Loss Control Insights
Overhaul Your Safety Program to Reduce Risks
Most industries involve some risk, from manufacturing to construction to care facilities. No matter what industry your business is in, creating and maintaining a safety-conscious culture should always be top-of-mind.
OSHA estimates that an effective, up-to-date workplace safety plan can reduce an organization’s injury and illness costs by an incredible 20 to 40 percent. Keeping workers safe and costs under control requires preventive practices and safe behaviors. Follow these steps to enhance your workplace safety program to help reduce claims and keep your workers safe.
Where to Start: Evaluating Your Safety Program
Let’s begin by evaluating your current safety program. Employers should periodically step back and assess what’s working and what’s not. Luckily, auditing your workplace safety program doesn’t have to be an overly complicated process.
Here are four steps to evaluating your current safety program:
Step 1: Assess management, leadership and employee involvement—visit each department to get a feel for whether people are invested in the workplace safety program. Leadership buy-in is essential for a safety-oriented culture.
Step 2: Analyze worksite and hazard prevention/control efforts—consider how well the program accounts for health and safety hazards. Break the organization down into segments and evaluate the environment for each segment to identify potential risks. Pay attention to shop layout, environmental hazards (such as dust or slip and fall risks), lifting hazards or repetitive motion.
Step 3: Revisit health and safety training and education protocol—review how employees at all levels are trained on workplace safety. A good rule of thumb is to train:
- New hires
- Individuals who recently transferred or changed assignments
- Any time a new process, substance, or piece of equipment is added
- Any time new hazards are identified
- Any time refresher training is needed or required by regulations
Step 4: Assess your workplace safety plan—consider whether your workplace safety plan is achieving its purpose. Ask the following questions:
- Is the plan up to date?
- Is the plan easily accessible by all employees?
- Can your employees easily activate the plan?
How to Address Hazards
Anything identified which has the potential to cause harm needs to be addressed. To effectively control and prevent hazards, employers should:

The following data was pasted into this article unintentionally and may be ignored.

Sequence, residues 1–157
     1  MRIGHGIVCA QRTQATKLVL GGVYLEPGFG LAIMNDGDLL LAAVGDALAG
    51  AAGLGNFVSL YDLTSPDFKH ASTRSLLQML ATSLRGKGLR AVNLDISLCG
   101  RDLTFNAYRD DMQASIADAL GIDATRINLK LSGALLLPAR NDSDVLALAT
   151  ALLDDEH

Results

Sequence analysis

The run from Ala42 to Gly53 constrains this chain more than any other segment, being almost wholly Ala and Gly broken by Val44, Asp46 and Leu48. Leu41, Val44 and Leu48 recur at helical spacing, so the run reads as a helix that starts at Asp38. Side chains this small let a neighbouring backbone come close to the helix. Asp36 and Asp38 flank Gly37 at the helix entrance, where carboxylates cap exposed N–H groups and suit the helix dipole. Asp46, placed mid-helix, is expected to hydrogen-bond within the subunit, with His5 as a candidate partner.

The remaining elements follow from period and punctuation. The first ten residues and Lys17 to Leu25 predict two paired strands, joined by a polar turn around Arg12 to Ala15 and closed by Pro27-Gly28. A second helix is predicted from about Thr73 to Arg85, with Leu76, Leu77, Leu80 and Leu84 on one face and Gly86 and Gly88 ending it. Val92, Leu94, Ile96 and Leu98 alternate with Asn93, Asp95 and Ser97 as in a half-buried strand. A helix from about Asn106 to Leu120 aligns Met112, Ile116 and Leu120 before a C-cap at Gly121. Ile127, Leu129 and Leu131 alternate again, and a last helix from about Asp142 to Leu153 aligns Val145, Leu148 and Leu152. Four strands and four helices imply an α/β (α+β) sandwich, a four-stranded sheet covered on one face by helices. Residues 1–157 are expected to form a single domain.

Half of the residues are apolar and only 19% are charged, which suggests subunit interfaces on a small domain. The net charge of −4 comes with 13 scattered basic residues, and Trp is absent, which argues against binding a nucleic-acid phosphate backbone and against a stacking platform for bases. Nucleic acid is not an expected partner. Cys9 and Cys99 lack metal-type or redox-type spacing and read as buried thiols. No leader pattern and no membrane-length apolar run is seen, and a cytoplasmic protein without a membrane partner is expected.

- Involve workers, who often have the best understanding of the conditions that create hazards and can provide insight into how to control them
- Identify and evaluate options for controlling hazards (Tip: use the hierarchy of controls to select controls that are the most feasible, effective and permanent)
- Develop and update your hazard control plan—an effective program will address the most serious hazards first
- Implement selected controls in the workplace according to the hazard control plan
- Follow up to confirm that controls are effective
Real Life Case Study
Health care workers face a number of serious safety and health hazards. For example, picture an assisted living facility experiencing high volumes of workers’ compensation claims due to the manual lifting and repositioning of patients.
Senior management began looking for more effective ways to address injuries among workers. As the facility investigated solutions, its risk improvement representative examined other sources of potential injury within the home. In doing so, it was confirmed that resident transfer and repositioning tasks presented high risks for injuries.
Leadership decided that the best approach was to involve employees at every level in reducing injuries by asking them to examine the tasks of moving and repositioning residents. Employees concluded that they lacked consistency and consensus on the proper body mechanics to lift and transfer residents—which pointed to gaps in the training they received.
With recommendations from employees, the company implemented a new training program. With advice from the company’s risk improvement representative, several portable mechanical lifts were also purchased to assist in sit-to-stand lifts and reduce total lifts among staff. The company reassesses its training program and equipment annually, ensuring that the controls in place are effective in reducing claims.
The return on investment (ROI) of workplace safety programs is undeniable. Employers who commit to creating programs that engage employees across all levels of the organization, conduct regular safety audits, actively work to prevent and control hazards and provide ongoing safety training will see drastic differences.